Readers of this blog know that I promote reading a wide range of materials in the classroom, and believe that all sorts of books are inroads to meeting curriculum goals. I believe that students, under the guidance of informed librarians and teachers, should choose their own reading materials. This philosophy is the cornerstone of my teaching, and one of my secrets for motivating young readers.
While I have been waving my banner of free choice reading around, the Texas State Board of Education has debated mandates that effectively take those decisions away from my students and me.
Irony--It’s what’s for dinner.
For the past two years stakeholders, including teachers and experts in the literacy field, have worked to rewrite Texas’ content standards for teaching English Language Arts and Reading. In February, this group finalized plans to present their revised standards to the Board and develop a timeline for implementation.
Two days before the implementation hearing, a conservative faction of the Board presented a “substitute amendment” which in affect threw out the standards created by the committee charged with writing them, in favor of an antiquated set of standards that included recommended texts for each grade level. Here is what a reading classroom would look like under the new proposed standards:
Primary students would read a time capsule of Newbery classics from the World War II and Eisenhower years like The Courage of Sarah Noble (1954) and The Matchlock Gun (1941). Intermediate students would read Robinson Crusoe (1719), poems by Emerson and Longfellow, and The Connecticut Yankee in King Arthur’s Court (1889). In sixth grade, students would have the choice to read the most recent title on the suggested list, Across Five Aprils, written in 1964.
Even the most outdated school library in America includes authors like Judy Blume, Jerry Spinelli, E.L. Konigsburg, and Gary Paulsen, and yet not one book by these revered authors made the list.
Welcome to Texas- where it is 1950 all over again!
The suggestion that students read only from a list of outdated Eurocentric literature continues in middle and high school. In spite of language that indicates secondary students should “read independently books of various genres from accepted fiction and non-fiction lists,” not one book from the standards’ own lists was published in the last thirty years. Seventh graders would have been advised to read Born Free (1960), and eight graders, Kon-Tiki (1950). Juniors would explore the history of American literature from 1600 to the present with Arthur Miller, Martin Luther King, Jr., Bernard Malamud, Anne Tyler, and Larry McMurtry as the only suggested contemporary authors. Seniors would study the history of British literature which apparently ended with Dylan Thomas and George Bernard Shaw.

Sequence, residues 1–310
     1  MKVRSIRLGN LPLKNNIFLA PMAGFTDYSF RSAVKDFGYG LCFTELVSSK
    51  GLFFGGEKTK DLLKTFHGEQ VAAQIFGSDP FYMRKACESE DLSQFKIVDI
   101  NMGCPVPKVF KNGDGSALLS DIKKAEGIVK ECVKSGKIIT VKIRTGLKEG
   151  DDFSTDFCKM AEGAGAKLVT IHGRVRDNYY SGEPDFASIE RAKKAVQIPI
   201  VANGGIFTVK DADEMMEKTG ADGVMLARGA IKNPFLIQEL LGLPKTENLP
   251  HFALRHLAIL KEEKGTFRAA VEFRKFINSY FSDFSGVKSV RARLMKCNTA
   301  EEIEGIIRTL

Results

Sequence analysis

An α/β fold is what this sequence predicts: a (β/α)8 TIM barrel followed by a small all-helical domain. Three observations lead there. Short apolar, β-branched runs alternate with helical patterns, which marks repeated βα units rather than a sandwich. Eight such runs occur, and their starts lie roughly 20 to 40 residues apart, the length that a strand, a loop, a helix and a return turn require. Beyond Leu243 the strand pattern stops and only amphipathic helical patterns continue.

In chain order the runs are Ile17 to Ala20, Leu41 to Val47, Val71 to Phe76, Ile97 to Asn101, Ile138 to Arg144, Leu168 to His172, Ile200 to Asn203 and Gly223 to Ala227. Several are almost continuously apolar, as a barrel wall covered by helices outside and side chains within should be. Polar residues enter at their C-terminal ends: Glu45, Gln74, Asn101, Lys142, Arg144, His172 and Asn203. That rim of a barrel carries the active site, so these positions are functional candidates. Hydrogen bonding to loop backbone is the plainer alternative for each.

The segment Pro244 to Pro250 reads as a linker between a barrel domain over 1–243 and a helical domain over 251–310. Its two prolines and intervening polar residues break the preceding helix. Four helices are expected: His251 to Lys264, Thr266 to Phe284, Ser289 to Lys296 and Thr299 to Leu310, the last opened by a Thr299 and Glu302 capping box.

While you are laughing and shaking your heads, may I remind you that we planted the seeds for NCLB right here in Houston. Texas is one of the largest purchasers of textbooks in the United States and has a great deal of influence over what gets put in them.
In early March, teachers and advocates from the minority community, pointing out the absence of texts by African-American and Hispanic authors on the suggested lists, were patronized by revisers who scrambled to throw in a few multicultural titles. African-American students would have enjoyed Ananszi tales and Bre’er Rabbit as part of their rich literary heritage. Marquez’ Love in the Time of Cholera and Cisneros’ House on Mango Street would have apparently been enough for the 2 million Hispanic school children in Texas, who would have had to wait until high school to read these influential works.
On March 28th, presented with the third revision of the standards in two months, the State Board abandoned recommending titles altogether and agreed that practitioners should make decisions on what is best for their students when it comes to selecting materials to teach the curriculum.
While we Texas teachers breathe a sigh of relief, I can’t help thinking about the dangers of any agency or school district that recommends reading lists to its teachers. After all, such a list is instantly out of date no matter how current or inclusive the document is when created. Texas standards are updated once every ten years, automatically excluding the subsequent decade of books that will be published after the standards are adopted. Furthermore, policy makers can call a list “suggested” or “recommended” all it wants to, but we all know that these lists morph into required lists when textbooks, standardized tests, and purchasing decisions are shaped around the perceived recommendations from a state body.
The argument for making book recommendations to teachers is that these lists will serve as a guide for teachers who are new or who need help choosing books that show specific examples of the standards to be taught. A noble goal, but one doomed to fail when the lists deny teachers the opportunity to choose materials that meet the interests, needs, or backgrounds of the particular students served by that teacher. I know that many states and districts create such lists.
What are your experiences with recommended lists? How have these lists supported you or limited you when making instructional decisions for your students?
The opinions expressed in The Book Whisperer are strictly those of the author(s) and do not reflect the opinions or endorsement of Editorial Projects in Education, or any of its publications.